• Research Associate, Department of Orthodontics, The Royal Dental College Copenhagen, 1966~1967
  • Research Associate, The Center for Human Growth and Development, University of Michigan, 1969~1970

Academic Activity

Japanese Orthodontic Society Honorary Member (Past Board Member)
Japanese Association of Cleft Lip and Palate Honorary Member (Past President)
Japanese Association for Jaw Deformity Honorary Member (Past President)
Japanese Association for Dental Research (JADR) Life Member (Past President)
International Association for Dental Research (IADR) Life Member (Past President)
World Federation of Orthodontists (WFO) Honorary Fellow
Charles H. Tweed International Foundation for Orthodontic Research     Honorary Academic Fellowship

Award

  • President Award of Japanese Association for Dental Science    2000
  • Louis Ada Jarabak Memorial International Teacher and Research Award, American Association of Orthodontists    2010
  • The order of the Sacred Treasure, Gold Rays with Neck Ribbon, Japanese Emperor    2016

Abstract

Irregularities of the teeth and unacceptable facial appearance have been human concerns since the Greek and Roman periods. The word “orthodontics” was first used in a book published in the late 18th century by Pierre Fauchard. Norman Kingsley published a book entitled “Treatise of oral deformities as a branch of mechanical surgery” in 1880 in which he introduced the mechanics of tooth movement and its biological tissue reaction. More recently, Edward Angle had a great influence on modern orthodontics. While orthodontic clinical treatment has been built on these and other forefathers, patient care in 2020 and beyond demands more than historical precedent.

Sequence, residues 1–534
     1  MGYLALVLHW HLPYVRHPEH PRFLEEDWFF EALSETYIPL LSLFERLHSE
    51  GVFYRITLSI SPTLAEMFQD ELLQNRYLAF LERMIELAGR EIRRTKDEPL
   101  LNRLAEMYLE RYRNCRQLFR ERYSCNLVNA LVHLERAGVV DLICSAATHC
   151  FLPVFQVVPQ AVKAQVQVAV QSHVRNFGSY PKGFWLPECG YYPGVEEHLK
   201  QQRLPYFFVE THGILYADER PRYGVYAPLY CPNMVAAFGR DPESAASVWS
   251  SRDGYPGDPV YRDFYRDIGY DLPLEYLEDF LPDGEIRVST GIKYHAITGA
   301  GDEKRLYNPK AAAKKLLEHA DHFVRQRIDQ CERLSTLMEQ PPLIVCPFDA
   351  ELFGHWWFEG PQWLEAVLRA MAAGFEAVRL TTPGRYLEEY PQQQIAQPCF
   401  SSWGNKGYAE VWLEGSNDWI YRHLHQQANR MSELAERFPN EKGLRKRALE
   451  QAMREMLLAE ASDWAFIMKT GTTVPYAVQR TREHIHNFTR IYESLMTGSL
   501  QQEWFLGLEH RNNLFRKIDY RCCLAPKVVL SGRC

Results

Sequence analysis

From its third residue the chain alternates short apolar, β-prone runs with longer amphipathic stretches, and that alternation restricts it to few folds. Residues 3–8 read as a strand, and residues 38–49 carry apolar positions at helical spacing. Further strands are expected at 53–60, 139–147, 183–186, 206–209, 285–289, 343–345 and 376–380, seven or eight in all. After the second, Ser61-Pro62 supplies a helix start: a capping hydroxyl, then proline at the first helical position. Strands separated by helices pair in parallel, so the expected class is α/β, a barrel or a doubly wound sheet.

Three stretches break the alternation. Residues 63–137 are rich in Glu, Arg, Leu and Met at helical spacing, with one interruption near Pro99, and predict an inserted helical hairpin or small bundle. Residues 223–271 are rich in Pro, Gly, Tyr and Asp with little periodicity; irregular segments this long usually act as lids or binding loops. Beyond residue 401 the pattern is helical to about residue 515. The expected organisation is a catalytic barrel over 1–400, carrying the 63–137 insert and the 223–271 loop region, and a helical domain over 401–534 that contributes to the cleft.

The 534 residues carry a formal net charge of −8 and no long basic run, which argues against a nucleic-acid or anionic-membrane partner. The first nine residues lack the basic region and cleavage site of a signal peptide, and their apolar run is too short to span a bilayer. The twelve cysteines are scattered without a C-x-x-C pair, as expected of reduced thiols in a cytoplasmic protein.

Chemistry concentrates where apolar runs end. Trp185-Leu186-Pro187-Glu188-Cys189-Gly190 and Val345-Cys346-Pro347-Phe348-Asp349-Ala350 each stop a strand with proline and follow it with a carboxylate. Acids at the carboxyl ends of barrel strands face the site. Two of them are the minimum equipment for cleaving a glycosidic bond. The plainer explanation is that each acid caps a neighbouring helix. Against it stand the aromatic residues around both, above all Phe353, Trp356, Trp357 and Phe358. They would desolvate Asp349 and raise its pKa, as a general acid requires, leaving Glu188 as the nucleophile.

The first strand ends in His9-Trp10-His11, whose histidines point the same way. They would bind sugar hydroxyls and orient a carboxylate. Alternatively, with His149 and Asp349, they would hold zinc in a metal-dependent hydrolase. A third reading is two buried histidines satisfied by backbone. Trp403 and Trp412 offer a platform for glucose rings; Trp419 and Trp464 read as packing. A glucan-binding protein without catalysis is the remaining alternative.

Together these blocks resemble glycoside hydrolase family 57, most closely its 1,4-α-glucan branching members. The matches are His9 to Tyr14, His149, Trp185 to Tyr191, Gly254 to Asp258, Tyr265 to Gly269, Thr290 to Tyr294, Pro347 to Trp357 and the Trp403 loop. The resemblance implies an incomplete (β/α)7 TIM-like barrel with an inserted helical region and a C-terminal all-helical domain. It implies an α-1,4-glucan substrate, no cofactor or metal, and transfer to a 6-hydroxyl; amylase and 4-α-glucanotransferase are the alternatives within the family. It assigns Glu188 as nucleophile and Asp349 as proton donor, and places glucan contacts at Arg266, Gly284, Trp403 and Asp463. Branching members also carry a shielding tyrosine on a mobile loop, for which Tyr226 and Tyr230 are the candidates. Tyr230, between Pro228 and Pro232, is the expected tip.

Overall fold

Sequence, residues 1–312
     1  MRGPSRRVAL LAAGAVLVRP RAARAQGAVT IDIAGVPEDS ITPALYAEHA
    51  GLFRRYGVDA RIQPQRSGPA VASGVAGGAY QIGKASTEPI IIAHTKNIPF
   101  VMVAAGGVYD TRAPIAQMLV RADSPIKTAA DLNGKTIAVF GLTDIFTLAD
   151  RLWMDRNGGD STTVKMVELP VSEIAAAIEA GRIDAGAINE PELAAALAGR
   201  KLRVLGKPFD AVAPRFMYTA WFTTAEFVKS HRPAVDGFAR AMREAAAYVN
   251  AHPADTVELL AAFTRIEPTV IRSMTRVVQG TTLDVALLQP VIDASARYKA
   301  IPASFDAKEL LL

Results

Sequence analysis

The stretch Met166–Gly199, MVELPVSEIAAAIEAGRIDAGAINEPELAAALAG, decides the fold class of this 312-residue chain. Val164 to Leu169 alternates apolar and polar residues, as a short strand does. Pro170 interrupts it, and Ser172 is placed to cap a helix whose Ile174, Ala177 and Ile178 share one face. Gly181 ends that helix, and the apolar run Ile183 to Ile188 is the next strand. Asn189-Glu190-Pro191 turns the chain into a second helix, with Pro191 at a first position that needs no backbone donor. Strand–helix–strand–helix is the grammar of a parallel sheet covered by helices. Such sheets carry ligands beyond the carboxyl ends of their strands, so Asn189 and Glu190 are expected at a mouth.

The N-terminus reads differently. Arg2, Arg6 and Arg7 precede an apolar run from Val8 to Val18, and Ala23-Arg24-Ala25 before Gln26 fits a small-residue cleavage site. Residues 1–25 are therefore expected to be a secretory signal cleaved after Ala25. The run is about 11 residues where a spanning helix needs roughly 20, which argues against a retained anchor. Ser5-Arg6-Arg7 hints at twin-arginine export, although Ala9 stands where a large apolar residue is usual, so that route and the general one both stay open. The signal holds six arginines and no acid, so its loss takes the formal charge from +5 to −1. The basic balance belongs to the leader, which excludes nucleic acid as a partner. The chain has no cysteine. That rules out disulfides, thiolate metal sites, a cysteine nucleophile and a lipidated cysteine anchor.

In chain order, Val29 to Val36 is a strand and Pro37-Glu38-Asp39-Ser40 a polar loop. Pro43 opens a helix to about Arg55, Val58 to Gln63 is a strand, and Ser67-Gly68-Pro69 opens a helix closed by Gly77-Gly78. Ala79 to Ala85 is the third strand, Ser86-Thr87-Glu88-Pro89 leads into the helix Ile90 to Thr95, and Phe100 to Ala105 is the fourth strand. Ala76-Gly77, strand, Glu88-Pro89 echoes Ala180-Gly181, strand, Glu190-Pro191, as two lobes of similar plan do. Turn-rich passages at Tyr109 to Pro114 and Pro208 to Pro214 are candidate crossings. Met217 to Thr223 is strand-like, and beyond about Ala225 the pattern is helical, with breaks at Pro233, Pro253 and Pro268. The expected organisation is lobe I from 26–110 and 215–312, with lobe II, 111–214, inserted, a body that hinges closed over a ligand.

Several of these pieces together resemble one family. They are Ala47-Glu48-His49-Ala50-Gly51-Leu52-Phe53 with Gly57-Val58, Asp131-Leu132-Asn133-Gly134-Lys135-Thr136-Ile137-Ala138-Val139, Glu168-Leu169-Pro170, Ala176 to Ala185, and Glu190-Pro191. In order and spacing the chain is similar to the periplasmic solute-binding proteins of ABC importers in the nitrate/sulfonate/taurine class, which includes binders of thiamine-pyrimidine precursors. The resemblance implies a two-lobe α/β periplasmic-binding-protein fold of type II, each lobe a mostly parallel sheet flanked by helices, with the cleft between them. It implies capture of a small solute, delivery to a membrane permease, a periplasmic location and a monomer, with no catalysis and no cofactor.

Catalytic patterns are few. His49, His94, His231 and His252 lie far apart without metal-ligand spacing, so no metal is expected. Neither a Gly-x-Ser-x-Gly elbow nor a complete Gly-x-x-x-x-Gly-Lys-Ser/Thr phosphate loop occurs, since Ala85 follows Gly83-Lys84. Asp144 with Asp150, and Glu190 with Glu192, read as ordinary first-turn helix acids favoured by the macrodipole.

Currently the terms “evidence-based orthodontics” and “evidence-based treatment” are often used in orthodontic clinical and research publications to validate a particular therapeutic approach. What is the actual “evidence” for what we do as orthodontists and where does it come from? Development of knowledge in the areas of molecular biology, craniofacial growth and development, histological tissue reaction, dental materials, as well as the improved use of statistics have supported the current theoretical basis for orthodontic treatment. As a result, there has been increased development of technical procedures for patient care.

Looking to the future, we need to focus on individual patient variables by better monitoring differences in the biological and psycho-social backgrounds among patients. Future clinicians considering orthodontic treatment planning will need to cultivate an “individualized diagnostic eye,” based on improved understanding of more broadly based and identified patient characteristics.

17:00
18:00